By Tamara Jones
ESL Instructor, SHAPE Language Center, Belgium
As shocking as this may sound, in all my years of teaching English, I really hadn’t given much thought to the causes that lie behind student errors. I am sure that if someone had asked me, I would have probably been able to rattle off a few of the most commonly cited reasons for student mistakes. However, as a new French student, I was blindsided by an unexpected motivation for my own errors.
That Darn L1!
We all know about the challenges students face due to first language interference. For example, if a student’s first language is Chinese, he or she might neglect to include the BE verb in a sentence because there is no exact equivalent in Chinese. In other words, “[t]heoretically speaking, Chinese is less marked with this sense of “be”.” (Huang, 1994, page 3) Thus, understandably, students who try to master a new tense, for instance, which does not exist in their own language will struggle as they experiment with it.
Simply Not Enough Time
In addition to L1 interference, students may make errors simply be due to the fact that they have had insufficient exposure to the target structure. Vocabulary researchers have determined that students need to see a new word in context 12 (yes, that’s 12!) times before they have much hope of using it in a conversation (Hinkel, 2009). If that’s what it takes for a simple word to become embedded in a student’s consciousness, think of how many times they will have to see a complex grammar structure before they can use it without error.
Two Steps Forward …
Errors might also indicate that students are busy applying the rules that they have learned as they become more adept language users. For instance, if a student learned the phrase “I bought a sweater” as a chunk of language, perhaps in a clothing vocabulary lesson, but then reverted to “I buyed a sweater” after learning the past simple in Grammar class, a teacher might want to tear his/her hair out. Is this student actually moving backward? Educators, such as Schellekens (2008), would argue that, in fact, the student is moving forward. As students learn more complex structures, they begin to think consciously about their language and attempt to apply the “rules” they have learned.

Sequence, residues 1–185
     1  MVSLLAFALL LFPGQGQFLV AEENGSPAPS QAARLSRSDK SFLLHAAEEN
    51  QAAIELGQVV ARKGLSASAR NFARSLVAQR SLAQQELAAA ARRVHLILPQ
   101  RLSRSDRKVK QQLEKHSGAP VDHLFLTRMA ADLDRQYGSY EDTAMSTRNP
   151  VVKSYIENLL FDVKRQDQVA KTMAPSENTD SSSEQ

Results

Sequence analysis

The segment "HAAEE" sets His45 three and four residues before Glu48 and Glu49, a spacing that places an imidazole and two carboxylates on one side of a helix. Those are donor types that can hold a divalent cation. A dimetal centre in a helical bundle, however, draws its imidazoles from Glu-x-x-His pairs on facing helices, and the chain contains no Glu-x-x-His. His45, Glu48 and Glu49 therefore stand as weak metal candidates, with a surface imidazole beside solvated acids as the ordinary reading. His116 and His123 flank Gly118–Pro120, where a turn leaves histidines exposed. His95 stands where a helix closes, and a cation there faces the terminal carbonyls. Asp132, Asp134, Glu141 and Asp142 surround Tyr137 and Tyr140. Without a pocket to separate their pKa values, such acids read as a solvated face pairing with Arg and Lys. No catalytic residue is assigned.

Deliberate Errors? Oh the Horror!
While all of these reasons for student errors are valid, I have to add another to the list–students may make deliberate errors for reasons of social self-preservation. Of course, we might expect this of high school students railing against authority, but I was shocked and horrified when I found myself, an eager adult French learner, actually consciously avoiding the back of throat, French /r/ sound when I spoke out in the class. I was being deliberately lazy, and when I thought about it, I had to admit it was because I didn’t want the other students to think that I thought I was “all that” by imitating the teacher’s perfect /r/ sound when the rest of my language was such a disaster. This realization surprised me because consciously I know that none of the other students are even listening to me, much less judging me, and who cares what they think anyway? Nonetheless, I am sticking to my flat English /r/s.
Though this example is related to pronunciation, it could just as easily be a grammar issue. So, now when, as a teacher, I patiently recast and recast and recast, I wonder which of the many reasons are truly behind my students’ errors. If students are making deliberate or “lazy” errors, what can teachers do? Maybe if my French teacher overtly teaches the pronunciation of the French /r/, I will feel more comfortable using it, but maybe I will just ease into it as time passes. I am not there yet, but if you come to Belgium in a few months and hear a foreigner using a perfect French /r/, it just might be me!
Hinkel, E. (2009) Teaching Academic Vocabulary and Helping Students Retain it, paper presented at TESOL 2009, Denver, USA.
Huang, J. (1994) A Study of L1 Interference in Chinese Senior High Students’ English Writing, http://18.104.22.168/communitize/share/94/94-4.pdf.
Schellekens, P. (2008) Assessing the Skills of Migrants and Refugees, paper presented at IATEFL TEA SIG Conference, Dublin, Ireland.